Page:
Facebook Bows To Publishers, Will Serve More Ads In Instant Articles
The social network will now allow one ad for every 350 words in the new feature to make sure publishers aren't "leaving money on the table," the Wall Street Journal reports.
Facebook is adjusting its advertising policies for Instant Articles, after publishers complained that they were having trouble generating enough revenue from the content posted with the new feature.
The social network will now allow publishers to serve more ads within articles and to sell Facebook-only campaigns, the Wall Street Journal reported today.
The new policy will allow placement of one ad for every 350 words, instead of the 500-word threshold that was previously enforced. Additionally, Facebook has created a new tool that will automatically place ads every 350 words within Instant Article content. That will ensure maximum ad load is reached for each article and avoid publishers “leaving money on the table by under-serving ads,” Facebook Instant Article product manager Michael Reckhow told the Journal.
By dropped the restriction against selling Facebook-only campaigns, Facebook is giving publishers the option to sell Instant Article ads at a premium. Previously, there was no way to single them out; publishers had to package such ads with inventory across their other online properties.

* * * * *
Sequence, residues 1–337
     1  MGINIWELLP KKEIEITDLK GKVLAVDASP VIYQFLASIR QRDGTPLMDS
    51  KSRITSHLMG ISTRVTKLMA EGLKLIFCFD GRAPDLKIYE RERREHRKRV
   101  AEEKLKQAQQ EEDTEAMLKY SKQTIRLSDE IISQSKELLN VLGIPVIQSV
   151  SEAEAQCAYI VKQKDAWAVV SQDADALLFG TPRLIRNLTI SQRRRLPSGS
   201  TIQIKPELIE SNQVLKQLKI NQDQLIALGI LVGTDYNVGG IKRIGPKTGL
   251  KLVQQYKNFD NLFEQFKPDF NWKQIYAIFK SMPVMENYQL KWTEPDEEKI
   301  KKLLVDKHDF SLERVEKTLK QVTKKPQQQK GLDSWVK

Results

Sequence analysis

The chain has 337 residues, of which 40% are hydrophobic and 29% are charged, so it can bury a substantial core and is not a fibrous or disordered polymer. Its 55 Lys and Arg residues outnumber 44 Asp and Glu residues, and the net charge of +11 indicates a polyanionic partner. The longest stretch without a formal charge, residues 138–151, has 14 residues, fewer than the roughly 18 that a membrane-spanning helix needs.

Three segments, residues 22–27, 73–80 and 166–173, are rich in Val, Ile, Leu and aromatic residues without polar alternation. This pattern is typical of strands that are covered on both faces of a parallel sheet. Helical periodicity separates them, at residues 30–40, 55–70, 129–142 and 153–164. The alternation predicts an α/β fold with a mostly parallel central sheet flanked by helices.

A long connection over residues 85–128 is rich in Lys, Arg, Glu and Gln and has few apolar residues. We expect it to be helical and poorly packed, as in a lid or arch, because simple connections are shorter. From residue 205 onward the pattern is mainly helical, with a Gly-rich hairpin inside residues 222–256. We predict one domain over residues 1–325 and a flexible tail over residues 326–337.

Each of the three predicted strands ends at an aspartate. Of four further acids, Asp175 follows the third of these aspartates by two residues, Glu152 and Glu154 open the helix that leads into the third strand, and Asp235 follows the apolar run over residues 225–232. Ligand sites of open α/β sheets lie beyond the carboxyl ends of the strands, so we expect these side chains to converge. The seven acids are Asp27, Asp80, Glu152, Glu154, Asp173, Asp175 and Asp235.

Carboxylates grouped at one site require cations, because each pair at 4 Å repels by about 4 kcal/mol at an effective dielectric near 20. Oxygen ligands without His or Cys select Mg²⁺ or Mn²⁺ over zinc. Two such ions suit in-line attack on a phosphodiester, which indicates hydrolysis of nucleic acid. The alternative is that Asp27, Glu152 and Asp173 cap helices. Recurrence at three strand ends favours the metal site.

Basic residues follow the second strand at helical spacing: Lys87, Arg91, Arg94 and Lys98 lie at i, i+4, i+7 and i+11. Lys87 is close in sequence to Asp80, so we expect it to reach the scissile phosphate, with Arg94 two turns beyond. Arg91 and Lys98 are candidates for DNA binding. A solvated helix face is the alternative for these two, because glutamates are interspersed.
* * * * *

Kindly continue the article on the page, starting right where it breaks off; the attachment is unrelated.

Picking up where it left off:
Facebook also is giving publishers the ability to manually control the links to articles that appear below Instant Article content.
Instant Articles, introduced this summer and rolled out to all iPhone users in October, give media companies the ability to publish directly on the Facebook platform rather than posting links leading back to their websites. Publishers get the benefits of faster-loading stories while giving up direct traffic to their properties.
Many publishers are jumping aboard; about 100 have signed up for the program globally, and Facebook is using their feedback to tweak its policies.
“We’re continuing to listen to publishers about what they want from Instant Articles, and we’re going to continue to do this. This is one step forward, but we will continue to listen,” Reckhow said.
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